Kvyat still under pressure

kvyat and ricciardo

Following winter testing, TJ13 reported that the new Russian recruit to the big bull team was under scrutiny. At times, he has a ‘Kimi streak’ and his simulator work was significantly inferior to that of Max Verstappen and Carlos Sainz Jnr.

Danii has had a tough start to the season and maybe been handed an unfair share of Red Bull/Renault’s reliability problems.

Despite his best result of the season last time out in Monaco (P4), Kvyat is under renewed pressure from his old team boss Franz Tost

The team principal of Toro Rosso told Jonathan Noble, Daniil is a very high-skilled driver and of course I think one or another year at Toro Rosso would have helped him to be best possible way prepared for Red Bull”.

It’s hard not to draw the inference from Tost’s comment that Kvyat was not quite ready for the challenge he faces at Red Bull.

Franz suggests whilst a “high-skilled driver”, the Russian is suffering from a lack of mileage and is therefore struggling to set up the car properly.

“Nevertheless he is doing a reasonable job. It is not a problem of his driving style, his main problem was that he had so many technical failures he was not able to test the car because it was very unreliable”.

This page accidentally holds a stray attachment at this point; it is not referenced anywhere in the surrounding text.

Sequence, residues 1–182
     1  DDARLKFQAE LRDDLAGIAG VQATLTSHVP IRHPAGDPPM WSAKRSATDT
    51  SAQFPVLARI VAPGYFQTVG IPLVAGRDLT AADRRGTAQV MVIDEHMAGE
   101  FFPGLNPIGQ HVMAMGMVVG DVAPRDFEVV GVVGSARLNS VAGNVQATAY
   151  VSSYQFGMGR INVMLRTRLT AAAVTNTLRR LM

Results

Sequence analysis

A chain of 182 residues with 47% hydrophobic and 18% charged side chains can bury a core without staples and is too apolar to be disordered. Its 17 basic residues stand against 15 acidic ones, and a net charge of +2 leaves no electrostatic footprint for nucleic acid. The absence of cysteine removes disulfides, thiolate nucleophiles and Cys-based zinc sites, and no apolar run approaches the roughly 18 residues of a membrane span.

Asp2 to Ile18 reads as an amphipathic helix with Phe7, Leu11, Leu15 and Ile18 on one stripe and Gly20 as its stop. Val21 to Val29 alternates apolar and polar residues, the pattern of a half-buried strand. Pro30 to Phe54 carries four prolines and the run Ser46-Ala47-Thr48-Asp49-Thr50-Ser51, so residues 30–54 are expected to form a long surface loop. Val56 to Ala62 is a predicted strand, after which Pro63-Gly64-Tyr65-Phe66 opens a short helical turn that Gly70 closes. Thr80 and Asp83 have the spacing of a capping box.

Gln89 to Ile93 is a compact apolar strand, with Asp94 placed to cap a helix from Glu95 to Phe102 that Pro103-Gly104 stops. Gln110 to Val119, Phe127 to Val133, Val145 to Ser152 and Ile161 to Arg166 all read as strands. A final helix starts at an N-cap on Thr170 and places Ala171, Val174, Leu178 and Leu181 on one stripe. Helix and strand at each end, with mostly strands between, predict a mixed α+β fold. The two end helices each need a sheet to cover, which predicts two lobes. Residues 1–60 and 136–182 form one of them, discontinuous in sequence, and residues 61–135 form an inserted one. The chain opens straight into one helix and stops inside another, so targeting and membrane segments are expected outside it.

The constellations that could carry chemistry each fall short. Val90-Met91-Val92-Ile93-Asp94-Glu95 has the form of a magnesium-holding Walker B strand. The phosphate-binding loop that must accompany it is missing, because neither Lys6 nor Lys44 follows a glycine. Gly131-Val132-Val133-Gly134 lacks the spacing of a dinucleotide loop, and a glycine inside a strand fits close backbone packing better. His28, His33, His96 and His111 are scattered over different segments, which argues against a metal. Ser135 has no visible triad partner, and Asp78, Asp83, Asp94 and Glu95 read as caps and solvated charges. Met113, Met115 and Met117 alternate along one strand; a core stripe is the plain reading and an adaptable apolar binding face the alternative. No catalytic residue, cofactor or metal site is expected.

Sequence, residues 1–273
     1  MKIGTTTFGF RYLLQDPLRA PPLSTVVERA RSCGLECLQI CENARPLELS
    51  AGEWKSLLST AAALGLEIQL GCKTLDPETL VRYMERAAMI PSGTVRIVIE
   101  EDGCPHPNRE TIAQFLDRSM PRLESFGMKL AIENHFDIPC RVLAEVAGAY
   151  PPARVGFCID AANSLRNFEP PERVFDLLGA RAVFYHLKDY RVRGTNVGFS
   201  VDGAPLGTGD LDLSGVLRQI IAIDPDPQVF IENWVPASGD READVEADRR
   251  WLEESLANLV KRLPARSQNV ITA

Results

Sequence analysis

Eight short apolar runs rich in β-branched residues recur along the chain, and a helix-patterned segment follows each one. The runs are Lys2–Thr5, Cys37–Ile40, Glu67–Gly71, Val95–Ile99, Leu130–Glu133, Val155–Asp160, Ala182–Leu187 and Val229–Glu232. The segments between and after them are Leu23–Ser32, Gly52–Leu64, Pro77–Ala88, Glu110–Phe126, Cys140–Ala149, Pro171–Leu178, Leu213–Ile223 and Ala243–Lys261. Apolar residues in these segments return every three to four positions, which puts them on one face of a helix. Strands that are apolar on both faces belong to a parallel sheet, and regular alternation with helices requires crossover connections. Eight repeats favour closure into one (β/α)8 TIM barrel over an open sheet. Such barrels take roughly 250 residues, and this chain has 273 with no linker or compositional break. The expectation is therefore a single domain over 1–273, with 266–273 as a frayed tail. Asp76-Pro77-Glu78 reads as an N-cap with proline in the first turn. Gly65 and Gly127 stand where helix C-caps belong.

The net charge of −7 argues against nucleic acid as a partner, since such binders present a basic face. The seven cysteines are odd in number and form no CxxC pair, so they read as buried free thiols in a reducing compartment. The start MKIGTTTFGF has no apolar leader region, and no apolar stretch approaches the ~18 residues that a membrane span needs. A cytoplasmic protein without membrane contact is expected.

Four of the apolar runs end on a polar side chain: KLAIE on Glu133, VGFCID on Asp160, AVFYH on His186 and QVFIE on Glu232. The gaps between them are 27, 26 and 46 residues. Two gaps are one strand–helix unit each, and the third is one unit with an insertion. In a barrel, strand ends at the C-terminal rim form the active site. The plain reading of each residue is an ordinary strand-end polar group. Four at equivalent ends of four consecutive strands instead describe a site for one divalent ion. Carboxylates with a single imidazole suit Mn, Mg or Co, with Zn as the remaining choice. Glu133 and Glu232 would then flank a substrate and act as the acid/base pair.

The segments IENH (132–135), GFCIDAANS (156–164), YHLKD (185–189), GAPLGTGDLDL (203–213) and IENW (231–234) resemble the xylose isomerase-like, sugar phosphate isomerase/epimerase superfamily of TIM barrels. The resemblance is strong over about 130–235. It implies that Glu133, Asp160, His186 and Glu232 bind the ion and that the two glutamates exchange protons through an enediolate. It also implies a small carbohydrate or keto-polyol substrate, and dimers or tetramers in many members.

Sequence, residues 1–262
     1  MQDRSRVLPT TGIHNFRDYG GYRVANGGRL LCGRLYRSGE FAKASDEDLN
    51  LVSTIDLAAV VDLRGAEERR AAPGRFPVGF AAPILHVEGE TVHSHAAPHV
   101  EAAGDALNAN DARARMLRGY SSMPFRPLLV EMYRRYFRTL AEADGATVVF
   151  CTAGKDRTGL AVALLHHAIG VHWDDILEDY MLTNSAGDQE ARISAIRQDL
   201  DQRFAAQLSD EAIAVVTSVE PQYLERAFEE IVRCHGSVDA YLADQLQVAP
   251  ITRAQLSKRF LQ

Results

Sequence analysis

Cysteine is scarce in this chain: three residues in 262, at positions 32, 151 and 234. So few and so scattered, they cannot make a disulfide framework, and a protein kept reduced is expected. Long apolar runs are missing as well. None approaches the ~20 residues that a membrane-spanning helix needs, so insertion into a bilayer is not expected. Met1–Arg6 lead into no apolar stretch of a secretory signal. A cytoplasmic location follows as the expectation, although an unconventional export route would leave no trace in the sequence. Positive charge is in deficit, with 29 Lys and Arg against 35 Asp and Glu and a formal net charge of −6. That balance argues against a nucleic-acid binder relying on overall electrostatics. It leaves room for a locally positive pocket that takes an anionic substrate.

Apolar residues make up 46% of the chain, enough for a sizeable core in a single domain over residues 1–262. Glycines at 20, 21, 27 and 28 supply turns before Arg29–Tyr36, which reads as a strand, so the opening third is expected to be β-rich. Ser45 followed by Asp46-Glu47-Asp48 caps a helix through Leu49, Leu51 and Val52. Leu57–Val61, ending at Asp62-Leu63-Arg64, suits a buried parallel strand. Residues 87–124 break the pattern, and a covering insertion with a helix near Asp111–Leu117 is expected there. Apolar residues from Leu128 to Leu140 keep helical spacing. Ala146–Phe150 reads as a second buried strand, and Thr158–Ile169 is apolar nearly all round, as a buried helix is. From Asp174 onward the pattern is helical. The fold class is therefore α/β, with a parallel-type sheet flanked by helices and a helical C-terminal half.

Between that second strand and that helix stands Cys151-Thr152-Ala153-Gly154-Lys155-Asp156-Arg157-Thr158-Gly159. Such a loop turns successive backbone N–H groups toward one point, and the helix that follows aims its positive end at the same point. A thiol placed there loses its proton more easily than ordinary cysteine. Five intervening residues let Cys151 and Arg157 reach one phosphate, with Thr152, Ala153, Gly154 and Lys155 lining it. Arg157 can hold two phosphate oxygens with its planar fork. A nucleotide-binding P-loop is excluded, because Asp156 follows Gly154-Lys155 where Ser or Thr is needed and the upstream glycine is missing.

However, Tost believes the solution is simple. “I am convinced that if he can do enough laps, if he gets the confidence in the car and set-up and everything he will show a very good performance.”

Whilst the demeanour of Ricciardo and Kvyat may be chalk and cheese, Tost believes they have very similar characteristics. “Both of them are very focused. Both of them are hard workers and, if they get a good car, a competitive car with a competitive power unit, they can win races both of them.”

Kvyat has scored 17 points this year, whilst Max Verstappen has a paltry 6. The possibility of a mid-season driver change at Red Bull has receded for now, given that points on the board are what they need – not a spectacular young driver.

Red Bull are 29 points behind Williams at present and 31 points ahead of 5th place Sauber. So points on the board are crucial to the team and therefore the drivers’ futures.

With Canada up next, a circuit where power becomes important, the Red Bull drivers may have to accept that 4th and 5th in Monaco, is as good as it’s going to get for some while.

Williams should be resurgent in Montreal, and it will be interesting to see the battle of the big and little bulls rejoined. Toro Rosso have been pushing their elders rather hard this year, particularly in the Saturday one lap shootouts.

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23 responses to “Kvyat still under pressure